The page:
And they’re going to need it because the plan, thought up by Alex, is one of the craziest ideas any of them could have. If Wilford won’t stop the trains for Melanie, then those that want to rescue her will detach a few cars of their own, take Snowpiercer’s engine and go get her themselves. They have no other choice. It’s risky, but it’s doable and without Melanie they have no real hope of winning against Wilford; they have no hope of surviving.

In his rush to stop Layton & friends, Wilford demands that the Headwoods send Josie out on top of the train to get the drop and take the engine back from the enemy. Though the Headwoods claim she isn’t ready for that big of a mission, Wilford insists and without delay Josie is suited up and sent out into the cold. While he and Layton face off on opposite sides of the aquarium car, Josie makes it clear where her loyalties still lie. Using her newfound strength, Josie manages to crack the glass roof of the car which causes the entire thing to split down the middle. Now armed with a small crew and ten cars all to themselves, Layton & Friends race off to pick up Melanie. Only to find the station empty, her supplies and rations gone, and a note to Alex from Melanie saying that she’s walked off into the cold to die at peace. However Melanie did manage to save her data and leave it for them, proving that she was right and the earth is warming back up. Life off train is possible. With this newfound information and hope, Layton, Ben, Alex, Till and Josie prepare themselves to return to Big Alice and take back their whole train.

In terms of season finales, it doesn’t get much better than Snowpiercer. Season one ended on the cliffhanger of Wilford’s return, season two ends with the anxious thought of what Melanie’s perceived death means and how they’re going to survive long enough to take Wilford down. The stakes are much high now than they were before. But it’s not just the plot that Snowpiercer manages to get right, the depth in which they develop their characters also places the show high above the bar. Particularly it’s development of its women.

Whether you’re mad at Miss Audrey for defecting or not, her development in season two was top tier. She’s gone from mother of the Nightcar, temptress and psychologist to the ultimate survivor. No matter what you think of her, Audrey is a survivor. She accesses every situation and then acts accordingly to how it’ll benefit her best. It’s a trait that without a doubt was taught to her by Wilford but she’s turned it into a skill that should be envied by others. This is the post apocalyptic world, the concept of loyalty is almost nonexistent. Audrey’s switch to Team Wilford makes sense, especially after learning that he forced her to self harm but it’s not the change in her teams that makes her so fascinating. It’s the little trauma responses she has while being on his side. On the outside she may have defected but with every passing episode, Audrey begins to look worse and worse which means on the inside she’s fading away. We can only wonder what kind of person she’ll be by the time we get to season three.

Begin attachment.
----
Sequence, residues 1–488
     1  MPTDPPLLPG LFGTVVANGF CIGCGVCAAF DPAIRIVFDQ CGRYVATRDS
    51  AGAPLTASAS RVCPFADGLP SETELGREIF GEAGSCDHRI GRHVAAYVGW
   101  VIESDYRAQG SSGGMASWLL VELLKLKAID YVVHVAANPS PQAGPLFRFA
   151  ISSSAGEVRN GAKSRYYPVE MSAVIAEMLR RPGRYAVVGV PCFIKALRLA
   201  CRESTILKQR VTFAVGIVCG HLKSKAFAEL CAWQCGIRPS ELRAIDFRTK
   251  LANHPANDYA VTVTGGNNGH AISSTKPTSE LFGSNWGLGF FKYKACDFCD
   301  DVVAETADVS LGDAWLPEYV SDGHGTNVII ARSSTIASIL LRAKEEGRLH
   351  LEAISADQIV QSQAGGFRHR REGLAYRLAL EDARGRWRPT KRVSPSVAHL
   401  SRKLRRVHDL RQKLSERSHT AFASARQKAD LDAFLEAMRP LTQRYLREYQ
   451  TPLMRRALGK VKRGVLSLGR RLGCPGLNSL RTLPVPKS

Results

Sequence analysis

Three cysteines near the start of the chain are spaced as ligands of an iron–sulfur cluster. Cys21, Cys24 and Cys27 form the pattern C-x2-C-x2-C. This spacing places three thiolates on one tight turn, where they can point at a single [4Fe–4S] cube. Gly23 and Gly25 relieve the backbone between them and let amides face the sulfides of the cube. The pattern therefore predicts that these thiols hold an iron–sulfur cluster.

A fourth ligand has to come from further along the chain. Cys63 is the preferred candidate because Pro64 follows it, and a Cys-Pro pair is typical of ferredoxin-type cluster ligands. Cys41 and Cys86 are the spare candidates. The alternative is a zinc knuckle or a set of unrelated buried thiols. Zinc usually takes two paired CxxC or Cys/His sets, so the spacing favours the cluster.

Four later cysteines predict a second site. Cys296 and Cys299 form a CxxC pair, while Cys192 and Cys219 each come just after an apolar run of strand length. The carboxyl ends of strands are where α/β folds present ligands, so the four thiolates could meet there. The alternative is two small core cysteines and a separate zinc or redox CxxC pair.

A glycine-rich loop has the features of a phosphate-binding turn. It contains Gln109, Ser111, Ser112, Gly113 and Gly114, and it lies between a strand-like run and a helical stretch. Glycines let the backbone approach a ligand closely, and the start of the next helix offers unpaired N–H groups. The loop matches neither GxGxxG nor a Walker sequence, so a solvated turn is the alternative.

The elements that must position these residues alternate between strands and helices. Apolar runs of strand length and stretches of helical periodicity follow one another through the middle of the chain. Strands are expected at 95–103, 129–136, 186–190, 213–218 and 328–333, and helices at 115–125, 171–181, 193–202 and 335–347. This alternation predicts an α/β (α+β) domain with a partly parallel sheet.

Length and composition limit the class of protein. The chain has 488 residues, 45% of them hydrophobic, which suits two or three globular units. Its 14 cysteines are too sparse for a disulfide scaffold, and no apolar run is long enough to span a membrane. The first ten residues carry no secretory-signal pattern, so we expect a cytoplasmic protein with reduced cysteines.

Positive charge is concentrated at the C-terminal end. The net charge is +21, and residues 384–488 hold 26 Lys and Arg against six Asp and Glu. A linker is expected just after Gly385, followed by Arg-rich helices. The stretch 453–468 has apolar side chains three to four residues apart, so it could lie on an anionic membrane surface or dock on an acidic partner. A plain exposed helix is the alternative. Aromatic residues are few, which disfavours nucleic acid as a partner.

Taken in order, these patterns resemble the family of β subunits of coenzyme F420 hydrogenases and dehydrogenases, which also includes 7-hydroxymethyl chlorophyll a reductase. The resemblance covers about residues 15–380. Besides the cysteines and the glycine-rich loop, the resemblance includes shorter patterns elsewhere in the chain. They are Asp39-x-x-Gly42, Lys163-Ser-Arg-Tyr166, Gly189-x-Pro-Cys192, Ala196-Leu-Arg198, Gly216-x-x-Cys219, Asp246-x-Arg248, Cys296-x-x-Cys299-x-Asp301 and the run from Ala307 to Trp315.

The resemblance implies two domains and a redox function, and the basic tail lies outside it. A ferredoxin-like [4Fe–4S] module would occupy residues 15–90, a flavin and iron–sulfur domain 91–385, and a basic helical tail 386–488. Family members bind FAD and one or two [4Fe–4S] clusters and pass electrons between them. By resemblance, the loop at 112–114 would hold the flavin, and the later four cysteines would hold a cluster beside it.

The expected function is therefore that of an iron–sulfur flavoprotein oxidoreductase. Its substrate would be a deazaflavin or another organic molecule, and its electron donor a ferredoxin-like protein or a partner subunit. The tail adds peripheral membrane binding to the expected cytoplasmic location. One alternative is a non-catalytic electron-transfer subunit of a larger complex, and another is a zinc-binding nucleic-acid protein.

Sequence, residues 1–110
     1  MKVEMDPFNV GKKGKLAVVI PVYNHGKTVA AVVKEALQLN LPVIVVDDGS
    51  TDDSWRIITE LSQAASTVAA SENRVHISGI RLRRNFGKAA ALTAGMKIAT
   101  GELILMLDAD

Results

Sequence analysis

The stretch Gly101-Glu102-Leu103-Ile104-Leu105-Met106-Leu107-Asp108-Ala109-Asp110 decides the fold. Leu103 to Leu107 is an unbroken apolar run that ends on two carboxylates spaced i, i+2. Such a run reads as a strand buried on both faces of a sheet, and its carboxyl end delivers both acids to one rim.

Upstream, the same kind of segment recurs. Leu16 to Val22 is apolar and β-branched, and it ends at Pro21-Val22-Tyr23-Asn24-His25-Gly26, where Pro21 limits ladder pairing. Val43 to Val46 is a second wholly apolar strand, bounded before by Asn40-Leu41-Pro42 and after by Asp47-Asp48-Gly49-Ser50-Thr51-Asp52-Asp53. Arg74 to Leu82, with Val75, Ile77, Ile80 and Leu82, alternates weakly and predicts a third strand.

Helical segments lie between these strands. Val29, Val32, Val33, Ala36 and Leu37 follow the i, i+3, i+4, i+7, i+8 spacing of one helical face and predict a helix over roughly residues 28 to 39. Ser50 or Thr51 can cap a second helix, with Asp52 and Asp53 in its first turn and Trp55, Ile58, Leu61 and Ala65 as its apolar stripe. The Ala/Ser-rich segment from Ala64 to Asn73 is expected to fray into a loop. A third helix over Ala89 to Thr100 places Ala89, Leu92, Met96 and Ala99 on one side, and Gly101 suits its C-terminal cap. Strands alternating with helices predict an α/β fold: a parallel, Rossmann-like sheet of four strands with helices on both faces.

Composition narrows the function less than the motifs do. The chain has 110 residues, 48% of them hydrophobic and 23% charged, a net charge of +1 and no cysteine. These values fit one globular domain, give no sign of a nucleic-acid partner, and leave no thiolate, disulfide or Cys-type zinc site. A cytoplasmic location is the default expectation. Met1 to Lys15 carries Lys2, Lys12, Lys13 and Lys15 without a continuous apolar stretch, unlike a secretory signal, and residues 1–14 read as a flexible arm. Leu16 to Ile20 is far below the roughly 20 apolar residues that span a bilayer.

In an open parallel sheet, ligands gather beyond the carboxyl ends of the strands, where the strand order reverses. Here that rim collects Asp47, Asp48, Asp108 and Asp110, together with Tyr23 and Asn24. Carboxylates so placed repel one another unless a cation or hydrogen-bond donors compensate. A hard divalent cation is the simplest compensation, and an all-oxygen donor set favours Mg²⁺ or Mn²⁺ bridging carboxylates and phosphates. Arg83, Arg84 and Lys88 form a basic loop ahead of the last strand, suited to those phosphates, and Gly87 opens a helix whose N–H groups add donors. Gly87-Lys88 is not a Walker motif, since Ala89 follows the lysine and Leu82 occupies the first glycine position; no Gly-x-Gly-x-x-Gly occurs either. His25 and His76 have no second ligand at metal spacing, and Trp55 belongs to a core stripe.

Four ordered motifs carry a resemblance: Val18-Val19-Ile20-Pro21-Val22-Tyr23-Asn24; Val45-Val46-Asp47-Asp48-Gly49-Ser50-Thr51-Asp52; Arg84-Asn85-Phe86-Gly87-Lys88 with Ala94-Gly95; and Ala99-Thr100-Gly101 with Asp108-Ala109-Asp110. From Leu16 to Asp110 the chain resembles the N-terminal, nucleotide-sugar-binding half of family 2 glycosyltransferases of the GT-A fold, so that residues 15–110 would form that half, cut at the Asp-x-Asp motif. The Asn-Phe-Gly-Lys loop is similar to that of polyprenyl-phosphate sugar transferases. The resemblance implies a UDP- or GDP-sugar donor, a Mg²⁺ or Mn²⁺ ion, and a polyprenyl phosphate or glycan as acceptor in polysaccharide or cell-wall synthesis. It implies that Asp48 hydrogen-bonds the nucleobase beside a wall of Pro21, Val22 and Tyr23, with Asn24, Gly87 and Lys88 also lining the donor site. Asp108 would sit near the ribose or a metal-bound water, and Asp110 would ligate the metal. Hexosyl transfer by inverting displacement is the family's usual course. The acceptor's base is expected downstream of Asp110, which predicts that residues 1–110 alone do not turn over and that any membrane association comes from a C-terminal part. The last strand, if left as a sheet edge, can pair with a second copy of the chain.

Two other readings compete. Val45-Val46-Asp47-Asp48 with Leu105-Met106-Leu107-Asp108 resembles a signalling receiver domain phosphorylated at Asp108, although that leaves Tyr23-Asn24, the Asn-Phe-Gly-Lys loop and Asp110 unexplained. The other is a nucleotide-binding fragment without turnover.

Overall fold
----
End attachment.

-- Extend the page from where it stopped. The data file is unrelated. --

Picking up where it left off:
Another character development worth noting is that of Josie. Unlike Audrey, Josie has never wavered on where she stands. She is with Layton until the end, she believes in life off train or at least equality for all onboard. However, personally, Josie has changed a lot. After her near death experience, Josie had lost her light. Which can’t be blamed on her because frostbite that severe would put a dimmer in anyone. Simply breathing hurt, Josie was in pain every second she was conscious. But the new body that was given to her by the Headwoods excites Josie, she wants to see what she can do with it and what it means for the fight she’s been in for the last seven years. She is the new advanced version of Icy Bob, but she won’t be as easily controlled as he was. On the flip side, Zarah has developed in an unexpected way this season as well. She’s probably still my least favorite character but season two Zarah is much more tolerable than season one Zarah was. Perhaps we can chalk it up to the pregnancy giving her some sense and making her more mature, either way this season showed that Zarah has some kind of depth to her. Often this season she was the voice of reason that Layton needed to hear, she even managed to overcome the jealous she felt for Josie and seems to have found peace in the relationship between her and Andre. It’s a nice change.